Tipperary Hill, sometimes known as Tipp Hill, is a district in the city of Syracuse, New York. It is largely settled by immigrants from Ireland, especially from County Tipperary. It makes up half of Syracuse's Far Westside neighborhood.
In the 1820s, when the Erie Canal first was built from Albany, New York to Buffalo, New York, the Irish were the chief laborers. Syracuse is about the middle of the route, the "hub" of the system. When the canal was finished many of the Irish settled west of Syracuse on a hill overlooking the canal. This area became known as Tipperary Hill.
When the city first started to install traffic signal lights in the 1920s they put one at a major intersection on Tipperary Hill, on the corner of Tompkins Street and Milton Avenue. Some Irish youths, incensed that anyone would dare to put the "British" red above the "Irish" green, broke the light. The city replaced it but the Irish broke the replacement. After a few rounds of this the city decided that if they wanted a light at that intersection, they had better put the signal up inverted, and so they did.
In recent years some long time neighborhood residents of Irish ancestry and local business owners gathered resources and encouraged the city first to demolish an old run-down commercial building and then in 1997 to build a small park, the Tipperary Hill Memorial Park, and erect a statue, the Tipperary Hill Heritage Memorial. The memorial is dedicated to those who, in their opinions, were brave sons of Ireland who had stood up to City Hall and won. The statue was created by Dexter Benedict. The park and statue are still there, as is the traffic light. On the eve of every Saint Patrick's Day, someone (or ones) goes out and paints a green shamrock underneath the light.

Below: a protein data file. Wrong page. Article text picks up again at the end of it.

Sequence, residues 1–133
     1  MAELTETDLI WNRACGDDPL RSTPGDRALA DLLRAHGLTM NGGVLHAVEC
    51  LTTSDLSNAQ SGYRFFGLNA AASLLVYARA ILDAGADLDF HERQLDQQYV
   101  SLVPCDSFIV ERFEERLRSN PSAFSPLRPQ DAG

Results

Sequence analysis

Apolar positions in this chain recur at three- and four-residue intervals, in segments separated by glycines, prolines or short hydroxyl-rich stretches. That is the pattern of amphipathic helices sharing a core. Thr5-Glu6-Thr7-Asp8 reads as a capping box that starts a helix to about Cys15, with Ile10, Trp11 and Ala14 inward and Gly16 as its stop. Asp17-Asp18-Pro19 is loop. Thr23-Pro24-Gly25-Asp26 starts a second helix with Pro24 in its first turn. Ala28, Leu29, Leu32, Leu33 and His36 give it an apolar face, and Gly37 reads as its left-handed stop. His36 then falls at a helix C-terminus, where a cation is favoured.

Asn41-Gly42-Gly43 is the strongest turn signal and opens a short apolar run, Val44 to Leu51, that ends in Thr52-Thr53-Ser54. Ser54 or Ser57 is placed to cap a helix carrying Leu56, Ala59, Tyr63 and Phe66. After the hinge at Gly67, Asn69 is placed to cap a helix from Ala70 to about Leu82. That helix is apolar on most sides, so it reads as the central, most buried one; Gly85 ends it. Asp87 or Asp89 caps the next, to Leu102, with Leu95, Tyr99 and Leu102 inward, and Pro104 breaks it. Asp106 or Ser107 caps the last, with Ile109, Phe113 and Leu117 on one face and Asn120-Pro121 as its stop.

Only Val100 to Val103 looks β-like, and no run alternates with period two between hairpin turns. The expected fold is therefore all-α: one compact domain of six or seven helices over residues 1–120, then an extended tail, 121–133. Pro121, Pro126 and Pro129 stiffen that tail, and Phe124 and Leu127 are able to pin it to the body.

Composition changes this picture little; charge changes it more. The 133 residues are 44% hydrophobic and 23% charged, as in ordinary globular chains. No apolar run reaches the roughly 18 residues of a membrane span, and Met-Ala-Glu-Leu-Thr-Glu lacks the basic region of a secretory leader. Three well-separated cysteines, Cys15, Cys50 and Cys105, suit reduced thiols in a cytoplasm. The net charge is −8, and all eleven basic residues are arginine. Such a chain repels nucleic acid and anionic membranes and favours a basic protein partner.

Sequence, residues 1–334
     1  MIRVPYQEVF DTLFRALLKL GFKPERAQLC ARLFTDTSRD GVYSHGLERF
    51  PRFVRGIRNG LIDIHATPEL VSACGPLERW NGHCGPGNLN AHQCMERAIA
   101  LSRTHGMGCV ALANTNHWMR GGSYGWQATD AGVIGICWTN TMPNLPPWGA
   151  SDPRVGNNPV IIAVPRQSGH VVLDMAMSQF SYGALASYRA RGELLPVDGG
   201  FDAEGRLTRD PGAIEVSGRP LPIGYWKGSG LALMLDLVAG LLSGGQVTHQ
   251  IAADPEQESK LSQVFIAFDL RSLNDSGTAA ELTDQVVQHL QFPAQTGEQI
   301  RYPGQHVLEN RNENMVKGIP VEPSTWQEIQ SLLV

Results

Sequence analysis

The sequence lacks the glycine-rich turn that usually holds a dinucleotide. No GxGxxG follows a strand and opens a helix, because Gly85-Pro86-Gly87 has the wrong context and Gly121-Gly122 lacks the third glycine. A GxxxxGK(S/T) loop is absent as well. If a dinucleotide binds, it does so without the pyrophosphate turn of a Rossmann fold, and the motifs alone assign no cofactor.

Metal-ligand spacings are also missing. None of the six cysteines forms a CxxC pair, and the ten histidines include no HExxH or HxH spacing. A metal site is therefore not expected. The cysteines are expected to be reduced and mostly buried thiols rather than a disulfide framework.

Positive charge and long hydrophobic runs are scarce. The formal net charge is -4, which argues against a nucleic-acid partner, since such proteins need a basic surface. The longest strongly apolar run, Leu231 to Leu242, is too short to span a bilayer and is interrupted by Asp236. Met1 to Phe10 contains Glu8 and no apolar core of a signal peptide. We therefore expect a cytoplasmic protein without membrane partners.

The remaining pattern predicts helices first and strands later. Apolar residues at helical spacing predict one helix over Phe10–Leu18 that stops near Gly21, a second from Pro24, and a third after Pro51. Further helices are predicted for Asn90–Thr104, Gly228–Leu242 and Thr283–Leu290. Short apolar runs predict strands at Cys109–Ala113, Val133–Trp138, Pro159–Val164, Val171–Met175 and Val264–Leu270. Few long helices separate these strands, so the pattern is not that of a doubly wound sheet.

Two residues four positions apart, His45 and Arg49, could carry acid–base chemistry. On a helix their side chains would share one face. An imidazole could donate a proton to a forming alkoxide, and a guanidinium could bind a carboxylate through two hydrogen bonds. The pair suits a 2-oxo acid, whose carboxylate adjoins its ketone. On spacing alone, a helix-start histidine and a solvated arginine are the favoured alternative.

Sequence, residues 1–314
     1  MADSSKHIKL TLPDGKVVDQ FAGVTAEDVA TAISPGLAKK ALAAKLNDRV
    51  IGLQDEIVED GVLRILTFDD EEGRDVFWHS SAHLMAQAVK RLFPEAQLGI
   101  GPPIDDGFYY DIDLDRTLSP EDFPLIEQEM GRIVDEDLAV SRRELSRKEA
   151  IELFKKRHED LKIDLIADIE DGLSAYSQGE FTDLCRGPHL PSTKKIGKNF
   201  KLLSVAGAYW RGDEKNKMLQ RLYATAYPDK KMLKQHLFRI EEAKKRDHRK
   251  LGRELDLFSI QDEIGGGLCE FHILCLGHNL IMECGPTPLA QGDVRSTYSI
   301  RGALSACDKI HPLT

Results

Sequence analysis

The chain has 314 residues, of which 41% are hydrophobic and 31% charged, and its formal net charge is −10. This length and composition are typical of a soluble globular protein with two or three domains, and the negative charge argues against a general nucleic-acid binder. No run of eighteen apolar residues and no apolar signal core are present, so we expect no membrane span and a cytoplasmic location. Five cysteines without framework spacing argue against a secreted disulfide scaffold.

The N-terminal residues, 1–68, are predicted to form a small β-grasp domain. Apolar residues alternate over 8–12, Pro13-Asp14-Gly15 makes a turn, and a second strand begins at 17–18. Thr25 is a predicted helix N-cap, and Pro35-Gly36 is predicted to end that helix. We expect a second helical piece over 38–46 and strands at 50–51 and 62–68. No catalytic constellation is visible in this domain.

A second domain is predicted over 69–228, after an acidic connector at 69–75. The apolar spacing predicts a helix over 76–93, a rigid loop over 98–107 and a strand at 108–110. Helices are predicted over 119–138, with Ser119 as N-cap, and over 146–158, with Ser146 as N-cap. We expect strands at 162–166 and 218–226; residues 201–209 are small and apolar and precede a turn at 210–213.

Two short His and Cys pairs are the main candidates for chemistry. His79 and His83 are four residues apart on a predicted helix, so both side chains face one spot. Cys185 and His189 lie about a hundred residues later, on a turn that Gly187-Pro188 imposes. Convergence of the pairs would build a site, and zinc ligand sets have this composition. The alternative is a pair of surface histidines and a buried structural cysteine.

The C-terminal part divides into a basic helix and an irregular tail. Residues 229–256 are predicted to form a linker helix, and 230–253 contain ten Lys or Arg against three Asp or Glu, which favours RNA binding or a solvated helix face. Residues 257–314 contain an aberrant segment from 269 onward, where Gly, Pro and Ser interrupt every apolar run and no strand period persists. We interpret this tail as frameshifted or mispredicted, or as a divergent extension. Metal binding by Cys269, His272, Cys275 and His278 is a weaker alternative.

Although most people in Syracuse know about the Tipp Hill neighborhood there is little agreement as to the exact boundaries of the neighborhood. Before 1886, the entire far west side of what is now Syracuse from Burnet Park north to Milton Avenue in Solvay was known as the Village of Geddes. When the village of Geddes joined the city, there were only two churches in the neighborhood: St. Patrick's Church and The Geddes Methodist Church. Many Irish immigrants were attracted to the neighborhood nearest to St. Patrick's Church and area factories.
Syracuse is a city in and the county seat of Onondaga County, New York, United States. It is the fifth-most populous city in the state of New York following New York City, Buffalo, Yonkers, and Rochester.
Geddes is a town in Onondaga County, New York, United States. The population was 17,118 at the 2010 census.